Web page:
Prawn Run

Prawn Run
New Jersey's Prawn made one of the more underappreciated indie-rock records of 2014 with their second full-length effort Kingfisher. That album was crisp, clean and full of life, yet went relatively unnoticed next to other releases that year by comparable acts like the Hotelier and Pianos Become the Teeth. Taking the spirit of post-rock and applying the energy of punk and the sentiment of Mineral-style emo to it, the mid-Atlantic band named after shrimp and similar crustaceans stay the path on their third album, Run — though with a rougher edge.
For one thing, Run doesn't have the brass horn sections or string arrangements that cropped up here and there throughout Kingfisher, part of what made it such a treat. While that does mean that what's on record is more faithful to what the band are able to perform live, it also strips away cherished layers from their sound.
Those are missed, but their absence isn't a dealbreaker, as the band's fundamentals are still strong. While guitarists Tony Clark and Kyle Burns riff between twinkly, chiming parts and brawny, sludgy measures, the rhythm section — drummer Jamie Houghton and particularly bassist Ryan McKenna — adds a fair bit of pizzazz tucked neatly underneath. Run is rocky, lively and proficiently performed, yet Prawn choose their hushed, melodic moments wisely and know when to do more with less.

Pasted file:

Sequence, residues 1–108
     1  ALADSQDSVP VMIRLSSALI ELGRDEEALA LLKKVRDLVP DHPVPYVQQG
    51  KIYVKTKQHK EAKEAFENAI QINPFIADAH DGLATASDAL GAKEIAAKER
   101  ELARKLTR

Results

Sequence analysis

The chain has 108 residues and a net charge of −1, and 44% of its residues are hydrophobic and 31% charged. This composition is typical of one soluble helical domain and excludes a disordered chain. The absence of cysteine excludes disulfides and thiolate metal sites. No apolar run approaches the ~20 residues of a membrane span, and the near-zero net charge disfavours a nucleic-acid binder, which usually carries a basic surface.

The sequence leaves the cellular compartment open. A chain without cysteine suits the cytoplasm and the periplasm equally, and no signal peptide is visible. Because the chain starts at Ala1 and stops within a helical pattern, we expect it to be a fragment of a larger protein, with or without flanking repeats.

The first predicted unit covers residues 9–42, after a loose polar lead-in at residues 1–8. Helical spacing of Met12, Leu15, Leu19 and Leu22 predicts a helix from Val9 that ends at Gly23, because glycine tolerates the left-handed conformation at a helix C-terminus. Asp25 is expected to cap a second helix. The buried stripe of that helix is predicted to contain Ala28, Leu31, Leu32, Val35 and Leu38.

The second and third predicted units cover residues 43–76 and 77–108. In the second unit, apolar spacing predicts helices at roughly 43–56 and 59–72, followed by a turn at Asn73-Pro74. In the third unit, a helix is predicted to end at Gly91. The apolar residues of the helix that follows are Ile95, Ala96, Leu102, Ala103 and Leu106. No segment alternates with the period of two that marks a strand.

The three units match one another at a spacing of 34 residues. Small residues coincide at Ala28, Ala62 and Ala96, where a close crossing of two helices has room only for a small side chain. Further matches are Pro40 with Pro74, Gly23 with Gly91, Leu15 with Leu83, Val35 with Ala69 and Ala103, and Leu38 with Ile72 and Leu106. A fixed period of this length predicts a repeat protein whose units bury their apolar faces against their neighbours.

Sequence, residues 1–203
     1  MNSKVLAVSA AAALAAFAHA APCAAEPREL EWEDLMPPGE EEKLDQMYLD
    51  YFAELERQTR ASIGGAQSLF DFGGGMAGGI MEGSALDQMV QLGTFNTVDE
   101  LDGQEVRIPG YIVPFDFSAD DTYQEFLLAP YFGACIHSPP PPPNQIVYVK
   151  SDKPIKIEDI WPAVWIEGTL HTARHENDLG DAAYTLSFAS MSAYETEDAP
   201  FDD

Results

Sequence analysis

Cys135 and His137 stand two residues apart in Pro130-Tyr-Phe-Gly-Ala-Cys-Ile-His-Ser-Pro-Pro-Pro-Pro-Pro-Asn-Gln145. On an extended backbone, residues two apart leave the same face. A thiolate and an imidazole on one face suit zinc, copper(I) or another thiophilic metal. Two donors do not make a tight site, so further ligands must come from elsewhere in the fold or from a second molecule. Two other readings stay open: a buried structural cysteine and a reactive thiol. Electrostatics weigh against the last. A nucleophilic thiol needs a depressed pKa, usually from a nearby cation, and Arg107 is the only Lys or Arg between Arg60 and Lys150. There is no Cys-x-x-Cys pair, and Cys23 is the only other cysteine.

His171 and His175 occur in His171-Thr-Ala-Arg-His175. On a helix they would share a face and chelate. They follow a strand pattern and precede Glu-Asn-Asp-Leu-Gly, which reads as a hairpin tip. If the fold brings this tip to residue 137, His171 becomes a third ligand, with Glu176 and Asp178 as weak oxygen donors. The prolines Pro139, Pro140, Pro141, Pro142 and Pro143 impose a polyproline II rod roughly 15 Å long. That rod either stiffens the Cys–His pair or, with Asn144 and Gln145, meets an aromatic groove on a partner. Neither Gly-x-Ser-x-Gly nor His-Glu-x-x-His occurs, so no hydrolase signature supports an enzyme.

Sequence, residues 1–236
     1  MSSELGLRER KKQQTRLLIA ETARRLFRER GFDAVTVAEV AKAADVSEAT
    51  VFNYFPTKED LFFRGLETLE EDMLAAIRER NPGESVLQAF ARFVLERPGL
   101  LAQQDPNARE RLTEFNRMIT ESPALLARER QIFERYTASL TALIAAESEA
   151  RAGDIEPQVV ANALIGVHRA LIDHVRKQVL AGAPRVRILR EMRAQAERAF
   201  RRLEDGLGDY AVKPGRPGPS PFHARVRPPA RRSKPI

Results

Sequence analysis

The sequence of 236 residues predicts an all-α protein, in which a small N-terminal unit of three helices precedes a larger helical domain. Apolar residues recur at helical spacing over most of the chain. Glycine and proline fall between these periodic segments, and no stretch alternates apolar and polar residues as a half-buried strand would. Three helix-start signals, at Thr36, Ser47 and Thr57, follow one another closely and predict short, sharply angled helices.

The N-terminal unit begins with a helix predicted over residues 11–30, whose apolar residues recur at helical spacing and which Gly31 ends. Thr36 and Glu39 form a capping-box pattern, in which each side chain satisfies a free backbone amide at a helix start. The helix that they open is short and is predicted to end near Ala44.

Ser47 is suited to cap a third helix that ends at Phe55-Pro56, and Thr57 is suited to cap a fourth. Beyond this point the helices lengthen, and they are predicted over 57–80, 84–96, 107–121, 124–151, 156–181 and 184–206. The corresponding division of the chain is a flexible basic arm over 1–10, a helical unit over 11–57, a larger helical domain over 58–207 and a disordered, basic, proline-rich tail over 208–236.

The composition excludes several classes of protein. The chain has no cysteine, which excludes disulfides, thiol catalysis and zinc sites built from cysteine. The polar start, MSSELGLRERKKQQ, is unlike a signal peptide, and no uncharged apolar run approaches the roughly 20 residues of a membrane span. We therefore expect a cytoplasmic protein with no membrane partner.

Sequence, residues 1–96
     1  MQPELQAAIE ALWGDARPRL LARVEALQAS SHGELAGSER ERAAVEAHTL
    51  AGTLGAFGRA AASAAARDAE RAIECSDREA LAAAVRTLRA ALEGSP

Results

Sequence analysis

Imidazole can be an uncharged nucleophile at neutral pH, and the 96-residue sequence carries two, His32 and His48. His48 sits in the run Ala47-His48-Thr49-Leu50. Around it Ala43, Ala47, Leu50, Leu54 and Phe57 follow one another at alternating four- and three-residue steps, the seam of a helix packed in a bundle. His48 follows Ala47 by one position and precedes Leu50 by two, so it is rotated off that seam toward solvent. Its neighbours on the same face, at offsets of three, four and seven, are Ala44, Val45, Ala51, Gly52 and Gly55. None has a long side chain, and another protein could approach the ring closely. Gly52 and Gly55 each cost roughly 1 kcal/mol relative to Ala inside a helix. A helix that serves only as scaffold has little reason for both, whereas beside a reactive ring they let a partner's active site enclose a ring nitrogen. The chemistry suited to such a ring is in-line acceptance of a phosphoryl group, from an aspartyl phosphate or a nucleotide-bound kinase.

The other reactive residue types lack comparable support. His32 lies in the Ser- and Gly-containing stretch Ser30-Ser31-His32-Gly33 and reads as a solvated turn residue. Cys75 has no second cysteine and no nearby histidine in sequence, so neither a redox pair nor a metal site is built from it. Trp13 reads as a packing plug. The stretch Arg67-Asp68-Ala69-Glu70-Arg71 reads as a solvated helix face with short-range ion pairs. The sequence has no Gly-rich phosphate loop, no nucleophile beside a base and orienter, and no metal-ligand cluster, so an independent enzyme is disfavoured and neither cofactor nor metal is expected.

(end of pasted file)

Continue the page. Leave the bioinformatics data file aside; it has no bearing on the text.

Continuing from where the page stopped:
"North Lynx" best embodies that dynamic, keeping things light and flighty for several minutes while building suspense, before packing a wallop of an ending. "Leopard's Paw" is another song of extremes; while it comprises the album's quietest and smoothest moments, it also reaches an apex at which Clark pushes himself to his vocal limits amid celestial guitars, all while the bass and drums rumble and roar below. The strength of "Snake Oil Salesman" and "Greyhound," meanwhile, hinges on their upbeat hooks; the two songs come off as each other's emotional counterpoint, with the former descending into the depths of despair and distrust while the latter rises to cheery refrains about freedom and (reluctant) release.
On an album that largely centres on resisting isolation and alienation, trying to free oneself from the grip of anxieties and self-doubt, finding a way to express oneself and, in turn, opening up to the many other ideas and perspectives in one's surroundings, the songs fall along a fitting range between hopeless and hopeful. Run can sometimes feel like Prawn are resisting an urge to explode — yet doing so could be what pushes this group over the edge. It's not necessarily a new high point for the nearly ten-year-old band, but it's certainly no sign of decline, either. (Topshelf)